Racial and Gender Disparities in Suicide Among Young Adults Aged 18–24: United States, 2009–2013
by Caroline Jiang; Andreea Mitran, B.S.; Arialdi Miniño, M.P.H.; and Hanyu Ni, Ph.D., M.P.H., Division of Vital Statistics
Suicide is an act of violence against oneself, resulting in death. Among teenagers and young adults aged 15–24, suicide was the second leading cause of death in 2013 (1). Because patterns of suicide may be different for young adults aged 18–24 than for teens aged 15–17, this NCHS Health E-Stat examines suicide rates and methods among young adults aged 18–24, by sex and race and Hispanic origin, using recent mortality data from the National Vital Statistics System (NVSS).
In 2012–2013, young adult males aged 18–24 were more likely than young adult females to commit suicide. This relationship was found for the five race and ethnicity groups studied (non-Hispanic white, non-Hispanic black, Hispanic, Asian or Pacific Islander [API], and American Indian or Alaska Native [AIAN]) (Figure 1). The suicide rate was highest in the AIAN population for both males and females (34.3 and 9.9 deaths per 100,000 population, respectively). AIAN males were more than twice as likely to commit suicide as most other gender and racial and ethnic subgroups. Suicide rates for AIAN young adults are likely to be underestimated; a previous study (2) found that deaths overall for the AIAN population were underreported by 30%.
Based on combined data from 2009 through 2013 (Figure 2) for non-Hispanic black and non-Hispanic white young adults who committed suicide, firearms was the most common method used, followed by suffocation. For Hispanic, API, and AIAN young adults who committed suicide, suffocation was the most common method used, followed by firearms. Poisoning and falls were more common methods among API young adults who committed suicide (12.6% and 8.1% of suicide deaths, respectively) than among other race and ethnicity groups.
Data are based on NVSS underlying cause-of-death mortality data (3). Data are from the Multiple Cause of Death files, 1999–2013, which are compiled from data provided by the 57 U.S. vital statistics jurisdictions through the Vital Statistics Cooperative Program. NVSS is a collaboration among the vital statistics reporting areas and the Centers for Disease Control and Prevention’s (CDC) National Center for Health Statistics (NCHS).
Deaths were classified using the International Statistical Classification of Diseases and Related Health Problems, Tenth Revision (ICD–10) (4). Suicide deaths were identified with ICD–10 codes U03, X60–X84, and Y87.0. Suicide deaths by falls were identified with code X80, firearms with codes X72–X74, poisoning with codes X60–X69, and suffocation with code X70.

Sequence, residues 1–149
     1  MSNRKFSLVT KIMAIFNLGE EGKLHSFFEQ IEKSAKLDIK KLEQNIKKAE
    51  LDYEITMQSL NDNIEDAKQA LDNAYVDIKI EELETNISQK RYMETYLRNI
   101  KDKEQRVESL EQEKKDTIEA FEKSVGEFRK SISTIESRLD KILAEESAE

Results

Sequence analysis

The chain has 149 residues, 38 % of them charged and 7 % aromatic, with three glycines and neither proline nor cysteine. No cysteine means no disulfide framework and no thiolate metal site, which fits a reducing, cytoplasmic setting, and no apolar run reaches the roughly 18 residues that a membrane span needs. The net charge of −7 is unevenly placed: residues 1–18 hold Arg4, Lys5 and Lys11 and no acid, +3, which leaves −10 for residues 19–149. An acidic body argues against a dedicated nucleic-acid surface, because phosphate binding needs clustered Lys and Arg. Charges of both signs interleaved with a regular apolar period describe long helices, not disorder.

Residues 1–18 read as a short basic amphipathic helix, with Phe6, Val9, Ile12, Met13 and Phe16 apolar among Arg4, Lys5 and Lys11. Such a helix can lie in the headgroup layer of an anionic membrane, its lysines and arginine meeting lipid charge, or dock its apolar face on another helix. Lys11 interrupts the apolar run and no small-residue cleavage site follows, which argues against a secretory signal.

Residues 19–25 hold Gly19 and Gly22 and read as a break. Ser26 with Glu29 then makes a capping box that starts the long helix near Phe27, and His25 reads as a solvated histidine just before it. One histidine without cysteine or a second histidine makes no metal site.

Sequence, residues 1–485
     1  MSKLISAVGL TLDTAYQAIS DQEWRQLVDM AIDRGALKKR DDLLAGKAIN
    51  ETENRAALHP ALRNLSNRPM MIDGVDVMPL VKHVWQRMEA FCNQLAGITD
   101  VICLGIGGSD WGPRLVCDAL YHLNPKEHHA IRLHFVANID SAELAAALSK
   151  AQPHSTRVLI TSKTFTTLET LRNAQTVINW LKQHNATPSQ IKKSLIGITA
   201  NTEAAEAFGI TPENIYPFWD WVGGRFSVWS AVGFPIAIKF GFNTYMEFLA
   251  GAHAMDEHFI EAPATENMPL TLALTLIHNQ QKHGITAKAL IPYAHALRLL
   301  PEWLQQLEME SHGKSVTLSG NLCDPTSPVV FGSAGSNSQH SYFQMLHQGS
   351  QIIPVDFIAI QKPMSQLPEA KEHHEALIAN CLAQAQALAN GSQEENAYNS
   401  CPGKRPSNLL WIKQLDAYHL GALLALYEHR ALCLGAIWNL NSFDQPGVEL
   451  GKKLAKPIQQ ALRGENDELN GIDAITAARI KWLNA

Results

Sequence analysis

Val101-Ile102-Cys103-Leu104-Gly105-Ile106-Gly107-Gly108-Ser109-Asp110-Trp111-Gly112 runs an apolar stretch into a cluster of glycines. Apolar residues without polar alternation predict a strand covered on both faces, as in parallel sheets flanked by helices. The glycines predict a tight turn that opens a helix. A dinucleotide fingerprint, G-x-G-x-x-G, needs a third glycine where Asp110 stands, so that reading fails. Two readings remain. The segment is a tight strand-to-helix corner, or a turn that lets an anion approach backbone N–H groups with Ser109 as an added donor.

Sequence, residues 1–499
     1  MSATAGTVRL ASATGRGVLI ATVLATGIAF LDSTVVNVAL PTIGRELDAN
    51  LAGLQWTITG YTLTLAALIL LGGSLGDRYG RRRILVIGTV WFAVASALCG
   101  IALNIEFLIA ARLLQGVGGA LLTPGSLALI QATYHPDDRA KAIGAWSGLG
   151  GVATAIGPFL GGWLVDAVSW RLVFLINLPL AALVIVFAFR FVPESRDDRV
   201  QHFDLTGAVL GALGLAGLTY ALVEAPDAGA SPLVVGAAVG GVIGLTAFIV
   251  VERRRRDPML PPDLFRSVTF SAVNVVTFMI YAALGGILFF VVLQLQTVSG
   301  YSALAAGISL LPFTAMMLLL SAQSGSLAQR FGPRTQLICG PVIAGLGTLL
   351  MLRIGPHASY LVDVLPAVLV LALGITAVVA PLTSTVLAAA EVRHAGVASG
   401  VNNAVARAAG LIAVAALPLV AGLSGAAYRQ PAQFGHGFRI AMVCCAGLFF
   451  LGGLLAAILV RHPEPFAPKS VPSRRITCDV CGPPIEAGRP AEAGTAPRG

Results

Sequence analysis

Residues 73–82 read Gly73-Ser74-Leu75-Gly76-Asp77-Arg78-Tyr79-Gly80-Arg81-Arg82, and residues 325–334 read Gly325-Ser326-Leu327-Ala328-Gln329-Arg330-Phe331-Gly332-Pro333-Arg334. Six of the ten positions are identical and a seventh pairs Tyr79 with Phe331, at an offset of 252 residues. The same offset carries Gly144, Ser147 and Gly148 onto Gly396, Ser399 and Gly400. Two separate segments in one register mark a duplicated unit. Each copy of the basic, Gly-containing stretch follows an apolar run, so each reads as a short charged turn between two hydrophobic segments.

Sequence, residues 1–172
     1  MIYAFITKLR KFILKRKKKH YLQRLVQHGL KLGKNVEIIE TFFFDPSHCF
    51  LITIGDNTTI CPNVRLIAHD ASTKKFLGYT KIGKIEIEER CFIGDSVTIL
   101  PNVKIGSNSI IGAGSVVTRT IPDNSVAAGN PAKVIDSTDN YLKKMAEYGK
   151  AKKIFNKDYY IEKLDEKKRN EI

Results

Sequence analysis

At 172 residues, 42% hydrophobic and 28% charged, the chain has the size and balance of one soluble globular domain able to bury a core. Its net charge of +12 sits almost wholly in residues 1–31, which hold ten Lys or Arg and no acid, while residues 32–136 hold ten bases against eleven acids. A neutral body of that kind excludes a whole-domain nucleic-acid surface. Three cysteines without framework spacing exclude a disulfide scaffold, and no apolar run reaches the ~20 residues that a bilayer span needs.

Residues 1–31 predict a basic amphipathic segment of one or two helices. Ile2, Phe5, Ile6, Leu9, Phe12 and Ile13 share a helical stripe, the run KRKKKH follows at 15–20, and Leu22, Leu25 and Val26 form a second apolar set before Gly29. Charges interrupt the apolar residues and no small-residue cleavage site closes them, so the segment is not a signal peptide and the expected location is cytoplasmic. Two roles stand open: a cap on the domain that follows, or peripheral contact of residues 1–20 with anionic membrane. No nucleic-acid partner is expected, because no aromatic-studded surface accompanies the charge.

This report uses combined data from 2012 through 2013 (Figure 1) and 2009 through 2013 (Figure 2) to obtain a sample size greater than or equal to 20 deaths, to guarantee reliable death rates. Differences in rates and percentages were tested by z test for statistical significance. The 95% confidence intervals are presented for each rate.
Values for the AIAN, API, and Hispanic-origin populations should be interpreted with caution. Deaths for the AIAN population were found to be underreported by 30%, for the API population by 7%, and for the Hispanic-origin population by 5% (for details, see “The validity of race and Hispanic origin reporting on death certificates in the United States”  and Technical Notes in “Deaths: Final data for 2011” ).
- Centers for Disease Control and Prevention, National Center for Injury Prevention and Control. Web-based Injury Statistics Query and Reporting System (WISQARS). 2013.
- Arias E, Schauman WS, Eschbach K, et al. The validity of race and Hispanic origin reporting on death certificates in the United States. National Center for Health Statistics. Vital Health Stat 2(148). 2008.
- National Center for Health Statistics. Underlying cause of death, 1999–2013. CDC WONDER online database. 2015.
- WHO. International statistical classification of diseases and related health problems, tenth revision (ICD–10). 2008 ed. Geneva, Switzerland. 2009.
- Kochanek KD, Murphy SL, Xu JQ. Deaths: Final data for 2011. National vital statistics reports; vol 63 no 3. Hyattsville, MD: National Center for Health Statistics. 2015.
SOURCE: CDC/NCHS, National Vital Statistics System mortality data, 2012–2013. Available from CDC WONDER online database.
NOTES: Suicide mechanisms are identified with ICD–10 codes X80 for fall, X72–X74 for firearm, X60–X69 for poisoning, and X70 for suffocation. Other includes: Cut/Pierce; Drowning; Fire/Flame; Hot object/Substance; Machinery; Motor Vehicle Traffic; Other Pedal cyclist; Other Pedestrian; Other land transport; Other transport; Natural/Environmental; Overexertion; Struck by or against; Other specified, classifiable Injury; Other specified, not elsewhere classified Injury; and Unspecified Injury. Deaths for the American Indian or Alaska Native population may be underreported by 30%, for the Asian or Pacific Islander population by 7%, and for the Hispanic-origin population by 5%. For more details, see Technical Notes in National Vital Statistics Reports, vol. 63, no. 3, “Deaths: Final data for 2011”; also see Vital and Health Statistics, Series 2, no. 148, “The validity of race and Hispanic origin reporting on death certificates in the United States.”
SOURCE: CDC/NCHS, National Vital Statistics System mortality data, 2009–2013. Available from CDC WONDER online database.
- Page last reviewed: November 6, 2015
- Page last updated: September 30, 2015
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